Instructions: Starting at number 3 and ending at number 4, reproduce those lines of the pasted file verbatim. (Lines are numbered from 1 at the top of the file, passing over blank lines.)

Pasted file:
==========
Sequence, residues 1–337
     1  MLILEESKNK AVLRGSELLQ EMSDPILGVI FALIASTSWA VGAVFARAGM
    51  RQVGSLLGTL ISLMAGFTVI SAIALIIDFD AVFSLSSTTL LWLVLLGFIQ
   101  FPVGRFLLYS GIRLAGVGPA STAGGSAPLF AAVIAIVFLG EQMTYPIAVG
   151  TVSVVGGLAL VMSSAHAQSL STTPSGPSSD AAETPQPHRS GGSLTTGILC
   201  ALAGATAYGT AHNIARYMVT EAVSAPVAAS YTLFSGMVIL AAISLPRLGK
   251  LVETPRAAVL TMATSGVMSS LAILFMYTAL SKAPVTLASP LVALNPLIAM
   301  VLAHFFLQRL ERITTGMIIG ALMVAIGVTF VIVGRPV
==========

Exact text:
    51  RQVGSLLGTL ISLMAGFTVI SAIALIIDFD AVFSLSSTTL LWLVLLGFIQ
   101  FPVGRFLLYS GIRLAGVGPA STAGGSAPLF AAVIAIVFLG EQMTYPIAVG